I am analyzing a pcap of command-and-control traffic caught during execution of a malicious file. First, a DNS request for a malicious domain was sent and after response is received and TCP connection to the remote destination (purple colour) is attempted, server responds with [RST, ACK] which means that the server did instantly close the session. enter image description here

I know that one of the possible reasons of such response is destination port not listening, is this the most common reason to the point where [RST, ACK] can be effectively treated as "destination port not listening" or are there any other possibilities? Specifically, I wonder if it is possible that destination server closed the session because data sent by source matched some condition (e.g. indicated that the source host is a virtual machine) of undesired source hosts. I know that "custom TCP protocol" is used for this malware's command-and-control.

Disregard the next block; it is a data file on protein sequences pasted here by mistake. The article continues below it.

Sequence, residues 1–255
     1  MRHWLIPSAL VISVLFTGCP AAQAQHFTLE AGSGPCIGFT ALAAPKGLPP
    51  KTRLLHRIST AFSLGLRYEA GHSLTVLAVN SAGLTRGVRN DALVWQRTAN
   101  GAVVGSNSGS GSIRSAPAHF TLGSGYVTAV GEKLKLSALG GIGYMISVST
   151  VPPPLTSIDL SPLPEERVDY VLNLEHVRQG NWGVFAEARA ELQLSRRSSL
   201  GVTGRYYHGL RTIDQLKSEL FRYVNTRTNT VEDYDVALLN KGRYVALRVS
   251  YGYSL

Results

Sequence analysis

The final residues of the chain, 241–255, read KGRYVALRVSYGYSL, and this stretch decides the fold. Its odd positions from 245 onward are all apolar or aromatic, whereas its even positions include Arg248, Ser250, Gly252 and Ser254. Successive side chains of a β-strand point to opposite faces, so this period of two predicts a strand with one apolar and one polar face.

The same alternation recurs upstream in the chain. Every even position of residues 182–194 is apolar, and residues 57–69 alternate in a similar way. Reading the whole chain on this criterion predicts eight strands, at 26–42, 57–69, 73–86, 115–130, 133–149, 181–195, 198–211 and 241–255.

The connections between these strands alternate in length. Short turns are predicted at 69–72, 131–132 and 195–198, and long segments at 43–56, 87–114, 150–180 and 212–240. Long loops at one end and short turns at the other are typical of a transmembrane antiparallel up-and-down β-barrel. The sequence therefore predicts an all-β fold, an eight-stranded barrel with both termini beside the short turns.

I understand that concrete answer to why the session was closed would require visibility on the server side, hence I am not looking for something like that, but I am trying to make an educated guess on what did likely happen.

1 Answer 1


A RST received after a SYN request means the TCP handshake has failed. No user data was transmitted.

Whether this happens due to the destination port not listening, a firewall response, or other filtering is up to the the destination host/network. There's no way to be sure from viewing from the outside.

The RST can be caused by any decision on the destination side, including source address, source port, missing prior activities and effectively anything else you can think of.

With an established connection (that you don't have with RST directly following SYN) the destination can also close the socket based on content, of course.

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